Move Over Bibimbap, Mediterranean Grain Bowls Are Here

These full-meal-in-a-bowl recipes are inspired by Asian cuisine, but use local ingredients - or even last night's leftovers.

Vered Guttman

Grain bowls are everywhere, hip restaurants, food magazines and blogs. Being the fashionable blog that we are, why not follow the trend. And for good reason.
The base of these full-meal-in-a-bowl are whole grains that are proven to reduce the risk of strokes, type 2 diabetes and heart disease.

Top these wonderful grains with raw or cooked (or both) seasonal veggies and with lean protein, and they're even healthier. You can use leftover greens and last night’s chicken breast, store-bought pickles, cheese and toasted nuts and just add a sunny side up or poached egg on the top and you have a full meal that can be reinvented every time you make it, in a few minutes’ work.

Many of the grain bowls available are inspired by Asian cuisines, such as the wonderful Korean bibimbap of white rice topped with steamed vegetables, sliced meat, raw egg yolk and more goodness. But what happens if we draw our inspiration from the Mediterranean or the Middle East? 

(By the way, the nicest thing about grain bowls is that you can improvise and use leftovers. Possible substitutes are suggested below).

Red snapper, grilled halloumi, pickled radish and bulgar grain bowl with tahini sauce

This recipe may seem long, but every step is quick. Being able to substitute some of the components with store-bought or leftovers makes it even easier:

Bulgar can be replaced with couscous or cooked freekeh.

Red snapper can be replaced with tilapia, or with any roasted or steamed fish.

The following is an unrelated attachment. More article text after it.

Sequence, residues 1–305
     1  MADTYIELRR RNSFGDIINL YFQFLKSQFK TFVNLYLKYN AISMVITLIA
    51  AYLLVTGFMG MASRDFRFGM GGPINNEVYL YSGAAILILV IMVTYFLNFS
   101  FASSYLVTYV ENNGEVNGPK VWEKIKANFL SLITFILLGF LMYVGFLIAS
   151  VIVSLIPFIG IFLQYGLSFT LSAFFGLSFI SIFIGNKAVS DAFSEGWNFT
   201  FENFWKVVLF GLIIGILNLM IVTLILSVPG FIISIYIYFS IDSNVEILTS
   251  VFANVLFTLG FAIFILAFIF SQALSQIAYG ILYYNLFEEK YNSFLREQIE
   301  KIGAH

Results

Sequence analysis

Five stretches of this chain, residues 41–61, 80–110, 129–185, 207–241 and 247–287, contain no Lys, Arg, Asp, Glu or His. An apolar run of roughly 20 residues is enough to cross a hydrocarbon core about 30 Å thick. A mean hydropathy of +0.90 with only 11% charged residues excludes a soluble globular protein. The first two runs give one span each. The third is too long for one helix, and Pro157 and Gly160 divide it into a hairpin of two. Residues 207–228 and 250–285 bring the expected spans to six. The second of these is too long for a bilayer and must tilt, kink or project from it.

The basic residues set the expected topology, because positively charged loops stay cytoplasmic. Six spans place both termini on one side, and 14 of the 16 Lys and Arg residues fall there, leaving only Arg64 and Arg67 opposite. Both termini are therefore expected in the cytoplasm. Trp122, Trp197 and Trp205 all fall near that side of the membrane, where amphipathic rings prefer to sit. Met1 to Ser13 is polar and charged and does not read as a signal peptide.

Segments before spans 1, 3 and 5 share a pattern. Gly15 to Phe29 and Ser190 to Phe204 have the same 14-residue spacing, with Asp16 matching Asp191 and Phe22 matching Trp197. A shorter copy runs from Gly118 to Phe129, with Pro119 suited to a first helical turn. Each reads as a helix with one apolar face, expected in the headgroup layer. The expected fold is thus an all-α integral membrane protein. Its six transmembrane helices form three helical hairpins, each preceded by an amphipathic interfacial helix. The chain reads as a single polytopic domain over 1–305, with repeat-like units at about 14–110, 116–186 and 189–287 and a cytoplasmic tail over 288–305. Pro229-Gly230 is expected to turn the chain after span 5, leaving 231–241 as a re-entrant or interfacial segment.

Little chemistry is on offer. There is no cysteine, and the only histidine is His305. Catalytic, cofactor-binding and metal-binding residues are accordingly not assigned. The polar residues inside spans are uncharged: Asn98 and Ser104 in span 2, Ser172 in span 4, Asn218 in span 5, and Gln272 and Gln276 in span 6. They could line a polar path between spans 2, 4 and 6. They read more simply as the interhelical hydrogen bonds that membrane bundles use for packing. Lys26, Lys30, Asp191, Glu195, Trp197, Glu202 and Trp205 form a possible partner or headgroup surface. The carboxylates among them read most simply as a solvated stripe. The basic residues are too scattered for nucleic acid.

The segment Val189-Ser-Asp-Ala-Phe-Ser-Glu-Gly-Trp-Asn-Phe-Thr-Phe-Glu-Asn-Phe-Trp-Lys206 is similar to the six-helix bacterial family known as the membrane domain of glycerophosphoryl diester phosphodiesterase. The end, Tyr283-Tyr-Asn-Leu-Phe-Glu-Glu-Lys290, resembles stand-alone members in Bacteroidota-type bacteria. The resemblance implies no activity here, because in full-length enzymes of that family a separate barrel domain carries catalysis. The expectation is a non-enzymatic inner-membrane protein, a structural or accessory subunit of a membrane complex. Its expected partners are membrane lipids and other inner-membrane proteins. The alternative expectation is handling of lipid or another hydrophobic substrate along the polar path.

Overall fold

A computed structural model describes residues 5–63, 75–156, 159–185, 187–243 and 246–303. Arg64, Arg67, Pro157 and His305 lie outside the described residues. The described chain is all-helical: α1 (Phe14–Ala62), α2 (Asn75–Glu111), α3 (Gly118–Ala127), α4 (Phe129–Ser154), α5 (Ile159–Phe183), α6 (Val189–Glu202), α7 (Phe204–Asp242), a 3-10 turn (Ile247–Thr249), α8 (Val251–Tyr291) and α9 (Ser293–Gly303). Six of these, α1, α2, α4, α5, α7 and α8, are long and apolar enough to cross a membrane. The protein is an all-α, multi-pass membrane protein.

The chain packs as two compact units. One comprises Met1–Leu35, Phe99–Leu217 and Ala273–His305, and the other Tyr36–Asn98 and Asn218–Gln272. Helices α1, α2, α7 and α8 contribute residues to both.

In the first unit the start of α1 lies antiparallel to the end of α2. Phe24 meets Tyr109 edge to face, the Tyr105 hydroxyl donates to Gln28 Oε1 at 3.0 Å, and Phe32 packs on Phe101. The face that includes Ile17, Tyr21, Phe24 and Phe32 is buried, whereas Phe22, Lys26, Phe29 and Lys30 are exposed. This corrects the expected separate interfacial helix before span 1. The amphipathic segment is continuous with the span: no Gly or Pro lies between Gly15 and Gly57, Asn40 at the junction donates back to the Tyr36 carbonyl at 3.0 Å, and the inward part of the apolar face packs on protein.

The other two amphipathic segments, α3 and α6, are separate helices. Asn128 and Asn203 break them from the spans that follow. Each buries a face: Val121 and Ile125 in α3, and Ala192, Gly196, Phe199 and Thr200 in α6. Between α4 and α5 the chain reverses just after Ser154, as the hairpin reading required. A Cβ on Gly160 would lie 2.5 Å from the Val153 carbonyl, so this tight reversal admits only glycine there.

Red snapper, grilled halloumi, pickled radish and bulgar grain bowl with tahini sauce

Substitute any grilling cheese or Mexican queso blanco for the halloumi.

Use store-bought pickles, preferably Middle Eastern style (available in Kosher and Middle Eastern markets) instead of the pickled radish.

Serves 4

For the grain base:
1 cup fine bulgar
¼ cup fresh lemon juice
½ teaspoon kosher salt
1 cup chopped mint leaves
1 cup chopped green onions

For the pickled radishes:
½ cup distilled white vinegar
¼ cup sugar
1 teaspoon kosher salt
Bunch radishes, trimmed and thinly sliced
½ red onion, thinly sliced
½ teaspoon fennel seeds (optional)

For the fish:
¾ lb. red snapper, skinned or tilapia fillet
¼ cup lemon juice
½ teaspoon kosher salt

For tahini sauce:
½ cup tahini
½ cup cold water
¼ cup fresh lemon juice
1 teaspoon salt

For assembling:
½ lb. halloumi cheese, sliced to ¼” thick slices
1 tablespoon olive oil, plus more for drizzling
1 lb. cherry tomatoes, halved
1 teaspoon sumac (optional)

1. To make the grain base put bulgar in a fine sieve and wash in running water for 1 minute. Transfer to a large bowl. Add lemon juice and salt, mix, cover with a towel and let stand for 10 minutes. Fluff bulgar with a fork, add mint and green onion, set aside.
2. For the pickled radish put vinegar, sugar and salt in a small pot, bring to boil and cook until sugar dissolves into vinegar. Put radish, red onion and fennel seeds in a bowl, pour vinegar into the bowl and let cool at room temperature. Radish is ready after 30 minutes, but you can prepare it up to 5 days in advance and keep in the fridge.